It’s fitting that the first moments of Family Guy ever seen by America weren’t even of the Griffin family, the central characters around whom the series revolves. No, the opening scene is a satire of The Brady Bunch, in which kids Greg and Jan are punished with trips to the snake pit and chamber of fire, respectively—an apt way to introduce a show better known for its rapid-fire cutaway gags and pop culture references than for any emotionally meaningful sitcom stories. Peter, Lois, Chris, Meg, Stewie, and family dog Brian have taken on well-established identities over the course of the show’s 17-seasons-and-running lifetime, but they have always functioned more as joke-delivery systems than as real people, and the first episode reinforces that. For the short-attention-span theater consciousness that was developing in TV in 1999—primarily over at Adult Swim, where reruns of the series later made it enduringly popular (and brought the show back from cancellation)—Family Guy turned out to be the prescient Molotov cocktail of absurdist, whip-pan humor toward which interest was trending. (With a healthy dose of lazy, cheap-shot jokes, of course.) [Alex McLevy]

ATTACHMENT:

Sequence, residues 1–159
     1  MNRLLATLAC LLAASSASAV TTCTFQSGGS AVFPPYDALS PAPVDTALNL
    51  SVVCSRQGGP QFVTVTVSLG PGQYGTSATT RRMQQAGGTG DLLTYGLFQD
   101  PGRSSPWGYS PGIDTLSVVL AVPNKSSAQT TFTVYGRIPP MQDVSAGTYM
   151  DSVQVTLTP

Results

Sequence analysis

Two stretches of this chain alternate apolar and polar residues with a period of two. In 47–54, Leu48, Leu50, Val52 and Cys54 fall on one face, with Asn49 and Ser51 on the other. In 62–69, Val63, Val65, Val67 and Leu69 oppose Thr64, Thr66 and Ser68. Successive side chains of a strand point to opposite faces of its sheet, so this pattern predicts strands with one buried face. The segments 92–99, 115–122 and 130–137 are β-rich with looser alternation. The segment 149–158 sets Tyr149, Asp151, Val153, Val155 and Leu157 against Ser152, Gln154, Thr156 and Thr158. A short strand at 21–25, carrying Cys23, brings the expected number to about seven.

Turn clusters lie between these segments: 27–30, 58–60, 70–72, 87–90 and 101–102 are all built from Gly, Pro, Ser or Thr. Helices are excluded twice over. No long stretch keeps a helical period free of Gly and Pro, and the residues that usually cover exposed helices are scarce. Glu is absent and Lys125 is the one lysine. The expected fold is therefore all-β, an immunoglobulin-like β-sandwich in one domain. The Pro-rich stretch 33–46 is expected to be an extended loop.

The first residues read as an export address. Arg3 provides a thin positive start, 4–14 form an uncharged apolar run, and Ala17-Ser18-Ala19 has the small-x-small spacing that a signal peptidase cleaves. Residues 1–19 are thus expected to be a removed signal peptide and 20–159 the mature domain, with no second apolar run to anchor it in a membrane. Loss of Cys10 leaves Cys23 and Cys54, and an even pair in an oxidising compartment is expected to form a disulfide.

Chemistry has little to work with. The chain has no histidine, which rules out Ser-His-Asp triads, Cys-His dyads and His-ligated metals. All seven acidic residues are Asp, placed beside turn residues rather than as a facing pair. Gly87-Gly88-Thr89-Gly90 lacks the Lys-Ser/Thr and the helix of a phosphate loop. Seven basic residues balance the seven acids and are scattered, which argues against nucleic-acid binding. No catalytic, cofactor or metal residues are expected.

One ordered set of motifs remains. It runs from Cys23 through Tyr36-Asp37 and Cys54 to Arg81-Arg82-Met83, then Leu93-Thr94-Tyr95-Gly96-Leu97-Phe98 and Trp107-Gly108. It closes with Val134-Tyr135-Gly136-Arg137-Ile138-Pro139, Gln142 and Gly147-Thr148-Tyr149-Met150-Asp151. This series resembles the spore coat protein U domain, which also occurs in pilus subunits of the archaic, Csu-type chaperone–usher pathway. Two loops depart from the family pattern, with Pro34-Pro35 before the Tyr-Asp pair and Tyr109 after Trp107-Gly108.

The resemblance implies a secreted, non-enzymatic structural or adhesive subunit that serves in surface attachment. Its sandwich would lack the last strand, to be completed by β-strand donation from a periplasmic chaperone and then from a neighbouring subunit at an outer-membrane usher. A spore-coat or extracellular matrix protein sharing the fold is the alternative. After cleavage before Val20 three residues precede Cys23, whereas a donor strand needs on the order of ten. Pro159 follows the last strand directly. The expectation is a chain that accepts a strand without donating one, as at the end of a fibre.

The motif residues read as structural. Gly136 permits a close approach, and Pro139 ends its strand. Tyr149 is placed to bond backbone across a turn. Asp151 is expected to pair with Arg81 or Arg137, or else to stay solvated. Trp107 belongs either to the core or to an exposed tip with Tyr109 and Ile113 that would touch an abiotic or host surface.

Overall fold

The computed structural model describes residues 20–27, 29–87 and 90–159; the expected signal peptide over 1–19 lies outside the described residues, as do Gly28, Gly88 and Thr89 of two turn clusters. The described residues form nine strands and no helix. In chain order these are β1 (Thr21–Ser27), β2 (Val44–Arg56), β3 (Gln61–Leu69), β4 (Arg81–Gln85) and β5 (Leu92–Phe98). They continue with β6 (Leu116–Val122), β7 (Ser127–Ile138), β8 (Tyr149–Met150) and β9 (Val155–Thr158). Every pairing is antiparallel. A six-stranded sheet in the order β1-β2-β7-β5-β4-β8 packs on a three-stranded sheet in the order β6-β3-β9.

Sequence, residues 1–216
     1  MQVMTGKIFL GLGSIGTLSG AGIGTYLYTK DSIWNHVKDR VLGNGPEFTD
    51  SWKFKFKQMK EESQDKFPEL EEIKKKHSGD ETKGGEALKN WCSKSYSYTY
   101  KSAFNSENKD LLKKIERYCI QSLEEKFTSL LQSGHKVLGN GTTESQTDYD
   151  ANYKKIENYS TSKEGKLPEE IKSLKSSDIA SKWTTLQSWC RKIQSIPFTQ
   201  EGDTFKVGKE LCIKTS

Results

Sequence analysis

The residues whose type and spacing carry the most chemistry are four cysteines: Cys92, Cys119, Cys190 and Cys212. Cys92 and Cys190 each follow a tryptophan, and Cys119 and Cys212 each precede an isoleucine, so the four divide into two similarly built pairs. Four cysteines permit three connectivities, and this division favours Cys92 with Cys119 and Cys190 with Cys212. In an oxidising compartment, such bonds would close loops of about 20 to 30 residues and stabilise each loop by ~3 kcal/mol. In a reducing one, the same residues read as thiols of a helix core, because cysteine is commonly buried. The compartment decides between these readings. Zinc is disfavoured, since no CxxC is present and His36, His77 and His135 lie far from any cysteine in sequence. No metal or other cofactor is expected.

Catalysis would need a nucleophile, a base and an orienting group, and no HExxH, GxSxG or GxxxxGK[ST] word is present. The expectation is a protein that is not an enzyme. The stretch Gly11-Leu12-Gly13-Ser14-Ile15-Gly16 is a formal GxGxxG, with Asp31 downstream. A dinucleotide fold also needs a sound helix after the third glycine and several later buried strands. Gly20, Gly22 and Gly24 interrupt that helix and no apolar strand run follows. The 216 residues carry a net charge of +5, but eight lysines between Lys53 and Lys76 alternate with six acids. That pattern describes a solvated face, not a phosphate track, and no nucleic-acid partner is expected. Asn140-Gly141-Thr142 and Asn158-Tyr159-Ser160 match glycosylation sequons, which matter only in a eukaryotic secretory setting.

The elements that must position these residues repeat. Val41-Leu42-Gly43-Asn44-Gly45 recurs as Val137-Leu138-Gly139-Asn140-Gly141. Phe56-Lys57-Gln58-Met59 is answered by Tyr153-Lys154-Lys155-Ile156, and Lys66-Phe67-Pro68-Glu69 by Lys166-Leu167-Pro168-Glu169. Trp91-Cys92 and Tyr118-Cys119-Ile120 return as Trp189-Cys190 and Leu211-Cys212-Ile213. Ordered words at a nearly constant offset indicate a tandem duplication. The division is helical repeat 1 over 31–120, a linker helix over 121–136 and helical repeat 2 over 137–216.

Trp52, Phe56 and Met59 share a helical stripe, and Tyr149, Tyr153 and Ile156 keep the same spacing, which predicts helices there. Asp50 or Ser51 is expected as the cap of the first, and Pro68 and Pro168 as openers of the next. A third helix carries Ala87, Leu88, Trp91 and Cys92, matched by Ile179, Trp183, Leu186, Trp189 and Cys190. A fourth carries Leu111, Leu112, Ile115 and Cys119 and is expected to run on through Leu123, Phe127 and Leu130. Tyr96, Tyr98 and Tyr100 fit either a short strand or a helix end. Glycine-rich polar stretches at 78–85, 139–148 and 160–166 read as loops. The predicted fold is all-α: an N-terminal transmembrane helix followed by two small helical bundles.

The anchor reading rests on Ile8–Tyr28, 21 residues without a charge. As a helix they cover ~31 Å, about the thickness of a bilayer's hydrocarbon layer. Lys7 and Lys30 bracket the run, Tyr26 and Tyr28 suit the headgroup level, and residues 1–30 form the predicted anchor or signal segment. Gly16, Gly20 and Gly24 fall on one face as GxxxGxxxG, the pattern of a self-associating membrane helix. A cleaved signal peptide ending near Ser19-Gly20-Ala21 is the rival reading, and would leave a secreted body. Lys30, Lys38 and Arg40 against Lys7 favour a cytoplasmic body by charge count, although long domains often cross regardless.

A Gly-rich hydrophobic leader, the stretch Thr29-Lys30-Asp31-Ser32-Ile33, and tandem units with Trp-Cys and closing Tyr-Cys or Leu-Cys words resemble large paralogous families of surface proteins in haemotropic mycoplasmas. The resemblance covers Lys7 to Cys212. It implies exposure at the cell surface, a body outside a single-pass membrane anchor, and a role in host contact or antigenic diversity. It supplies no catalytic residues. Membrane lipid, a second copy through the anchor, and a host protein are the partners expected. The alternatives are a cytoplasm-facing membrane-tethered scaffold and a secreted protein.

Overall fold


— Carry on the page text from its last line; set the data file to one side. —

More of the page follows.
2 a.m.: Undressed, “The Odd Couple”

As you might have guessed from the title, MTV’s Undressed was a no-frills half-hour drama with sex on its mind: not just the act (though there was lots of that), but the pursuit of it and the psychology behind what was driving our pursuit of it. Undressed ran for six seasons and 222 episodes, yet was never properly claimed as a guilty pleasure, perhaps because the frank conversations about sex, relationships, and queerness, were too important to disown (which might also be why MTV plans to reboot the show). At first glance, the series from Roland Joffé (director of The Killing Fields, making an interesting pivot from feature films) was about as subtle as an old CK One ad, with exceedingly plaintive dialogue about who wanted to sleep with whom and why. But all the beautiful people of different races, ethnicities, and sexual identities—including future stars like Christina Hendricks, Pedro Pascal, Katie Aselton, and Nicholas Gonzalez—featured on the show were even more invested in making a personal connection in an increasingly tech-driven world, a theme found in other late-’90s artifacts like The Matrix and American Beauty. Sure, they were often having these frank conversations in their skivvies, but what’s more 1999 than that? [Danette Chavez]


2:30 a.m.: Mystery Science Theater 3000, “Show 1001: Soultaker”